What progression does Edwards trace in speaking of the threat to the sinner's existence in "Sinners in the Hands of an Angry God"

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Edwards begins by discussing a passage from Deuteronomy, "Their feet shall slide in due time." In his exegesis of this passage, he extrapolates several conclusions: First, that people are always exposed to destruction; second, that this destruction will be sudden; third, that they will fall of their own free will; and finally, that the only reason they have not fallen yet is because "God's appointed time is not come." From this, Edwards proceeds to the conclusion that "there is nothing that keeps wicked Men, at any one moment, out of Hell, but the meer Pleasure of God." From this, he progresses to a description of the precariousness of Man's place, and emphasizing that whatever horrible punishment Man receives, it is deserved, and God is all-powerful to dispense it:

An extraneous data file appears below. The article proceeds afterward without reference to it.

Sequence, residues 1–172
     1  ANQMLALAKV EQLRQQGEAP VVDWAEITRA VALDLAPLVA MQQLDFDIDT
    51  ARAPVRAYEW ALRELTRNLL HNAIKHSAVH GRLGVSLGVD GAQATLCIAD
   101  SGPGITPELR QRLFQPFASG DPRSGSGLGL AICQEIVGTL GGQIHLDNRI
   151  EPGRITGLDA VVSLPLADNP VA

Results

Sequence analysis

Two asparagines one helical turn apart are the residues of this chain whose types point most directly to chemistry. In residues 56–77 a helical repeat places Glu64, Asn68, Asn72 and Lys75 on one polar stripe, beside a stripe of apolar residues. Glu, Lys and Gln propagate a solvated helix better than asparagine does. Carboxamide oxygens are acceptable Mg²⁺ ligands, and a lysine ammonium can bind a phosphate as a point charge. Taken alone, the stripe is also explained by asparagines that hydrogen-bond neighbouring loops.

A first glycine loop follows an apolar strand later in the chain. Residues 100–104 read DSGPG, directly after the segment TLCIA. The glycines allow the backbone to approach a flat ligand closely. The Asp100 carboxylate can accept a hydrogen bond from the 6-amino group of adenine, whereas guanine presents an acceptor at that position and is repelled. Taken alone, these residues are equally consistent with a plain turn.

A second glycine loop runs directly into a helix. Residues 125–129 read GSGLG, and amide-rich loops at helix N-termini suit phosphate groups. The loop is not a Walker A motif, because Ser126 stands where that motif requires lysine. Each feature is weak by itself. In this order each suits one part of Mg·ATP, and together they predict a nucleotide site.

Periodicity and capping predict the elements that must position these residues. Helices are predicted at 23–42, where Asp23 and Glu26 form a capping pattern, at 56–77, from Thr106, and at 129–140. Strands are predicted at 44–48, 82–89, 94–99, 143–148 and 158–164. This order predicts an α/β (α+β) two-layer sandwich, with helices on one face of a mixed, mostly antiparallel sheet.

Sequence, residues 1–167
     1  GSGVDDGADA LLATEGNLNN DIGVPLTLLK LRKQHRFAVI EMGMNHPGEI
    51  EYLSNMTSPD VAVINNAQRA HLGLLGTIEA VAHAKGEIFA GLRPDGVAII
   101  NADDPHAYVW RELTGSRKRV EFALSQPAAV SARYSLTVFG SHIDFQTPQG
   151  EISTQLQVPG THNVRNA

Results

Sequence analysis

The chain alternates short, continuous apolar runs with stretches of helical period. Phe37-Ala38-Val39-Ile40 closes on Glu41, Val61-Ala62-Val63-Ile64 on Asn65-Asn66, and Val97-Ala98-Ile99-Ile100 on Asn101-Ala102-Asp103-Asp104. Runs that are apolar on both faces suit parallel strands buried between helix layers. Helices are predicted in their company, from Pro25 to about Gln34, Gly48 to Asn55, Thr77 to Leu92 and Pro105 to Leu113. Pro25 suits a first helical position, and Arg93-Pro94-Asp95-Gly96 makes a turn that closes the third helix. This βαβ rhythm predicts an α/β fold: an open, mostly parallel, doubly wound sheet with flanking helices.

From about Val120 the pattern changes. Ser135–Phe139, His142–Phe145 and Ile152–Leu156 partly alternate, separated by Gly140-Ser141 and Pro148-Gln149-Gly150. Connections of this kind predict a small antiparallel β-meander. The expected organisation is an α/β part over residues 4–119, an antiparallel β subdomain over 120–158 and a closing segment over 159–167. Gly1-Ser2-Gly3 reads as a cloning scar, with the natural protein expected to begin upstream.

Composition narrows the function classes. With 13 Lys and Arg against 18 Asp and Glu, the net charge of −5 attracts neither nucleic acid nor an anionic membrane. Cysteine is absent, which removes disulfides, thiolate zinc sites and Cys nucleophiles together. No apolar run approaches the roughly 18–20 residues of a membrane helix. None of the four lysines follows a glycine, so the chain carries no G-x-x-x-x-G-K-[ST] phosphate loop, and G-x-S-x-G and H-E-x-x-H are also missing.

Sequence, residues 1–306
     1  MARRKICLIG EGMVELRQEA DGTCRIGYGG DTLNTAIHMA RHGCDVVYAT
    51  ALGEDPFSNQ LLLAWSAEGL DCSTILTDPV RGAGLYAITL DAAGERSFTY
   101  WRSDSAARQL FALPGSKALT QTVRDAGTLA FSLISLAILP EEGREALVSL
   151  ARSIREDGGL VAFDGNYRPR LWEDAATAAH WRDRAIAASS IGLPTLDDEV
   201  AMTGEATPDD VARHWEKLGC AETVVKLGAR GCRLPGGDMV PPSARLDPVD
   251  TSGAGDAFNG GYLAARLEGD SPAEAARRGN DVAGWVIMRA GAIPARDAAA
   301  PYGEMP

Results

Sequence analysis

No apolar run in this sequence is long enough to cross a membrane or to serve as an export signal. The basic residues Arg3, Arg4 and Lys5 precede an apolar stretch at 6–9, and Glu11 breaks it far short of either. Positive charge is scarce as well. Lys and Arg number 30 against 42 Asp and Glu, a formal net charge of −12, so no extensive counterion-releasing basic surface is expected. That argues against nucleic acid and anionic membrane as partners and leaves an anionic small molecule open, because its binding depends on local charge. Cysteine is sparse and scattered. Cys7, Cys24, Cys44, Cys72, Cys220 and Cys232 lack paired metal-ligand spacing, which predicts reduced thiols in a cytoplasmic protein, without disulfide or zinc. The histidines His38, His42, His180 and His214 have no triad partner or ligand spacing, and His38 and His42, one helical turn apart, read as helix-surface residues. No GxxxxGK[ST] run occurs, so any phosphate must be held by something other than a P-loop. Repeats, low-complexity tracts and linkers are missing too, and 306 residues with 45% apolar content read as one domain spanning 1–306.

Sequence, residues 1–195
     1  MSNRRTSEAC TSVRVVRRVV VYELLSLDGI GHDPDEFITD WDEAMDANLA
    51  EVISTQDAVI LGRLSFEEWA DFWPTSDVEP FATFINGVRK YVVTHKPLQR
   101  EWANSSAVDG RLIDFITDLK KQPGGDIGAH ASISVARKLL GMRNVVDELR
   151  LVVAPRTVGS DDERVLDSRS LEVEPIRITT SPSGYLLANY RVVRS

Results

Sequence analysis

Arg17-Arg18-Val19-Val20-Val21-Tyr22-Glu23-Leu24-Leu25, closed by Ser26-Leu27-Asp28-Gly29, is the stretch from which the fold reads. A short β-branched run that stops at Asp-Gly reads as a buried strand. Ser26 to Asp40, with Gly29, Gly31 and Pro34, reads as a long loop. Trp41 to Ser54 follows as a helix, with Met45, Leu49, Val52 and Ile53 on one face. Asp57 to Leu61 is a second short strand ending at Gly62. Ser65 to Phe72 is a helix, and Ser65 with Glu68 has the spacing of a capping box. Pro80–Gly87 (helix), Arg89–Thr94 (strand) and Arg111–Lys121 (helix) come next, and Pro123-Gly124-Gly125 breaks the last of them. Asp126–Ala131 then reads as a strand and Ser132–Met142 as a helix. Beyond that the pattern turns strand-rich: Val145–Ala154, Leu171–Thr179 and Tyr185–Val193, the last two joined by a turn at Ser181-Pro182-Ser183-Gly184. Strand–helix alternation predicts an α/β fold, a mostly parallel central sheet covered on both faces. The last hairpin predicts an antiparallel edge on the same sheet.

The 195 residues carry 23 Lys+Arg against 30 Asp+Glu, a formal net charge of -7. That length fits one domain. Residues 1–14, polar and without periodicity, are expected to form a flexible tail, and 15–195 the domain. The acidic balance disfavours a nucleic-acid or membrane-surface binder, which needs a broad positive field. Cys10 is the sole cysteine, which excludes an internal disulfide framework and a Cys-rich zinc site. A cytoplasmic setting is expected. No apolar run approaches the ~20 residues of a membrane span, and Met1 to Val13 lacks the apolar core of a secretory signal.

They deserve to be cast into Hell; so that divine Justice never stands in the way, it makes no Objection against God's using his Power at any moment to destroy them.

The point of this progression from a single passage in Deuteronomy is to emphasize man's total dependence on God. Only by appealing to God's mercy could man rescue his soul from the precipice. Edwards aimed to encourage backsliding New Englanders to reexamine and reinvigorate their faith.

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Sinners in the Hands of an Angry God

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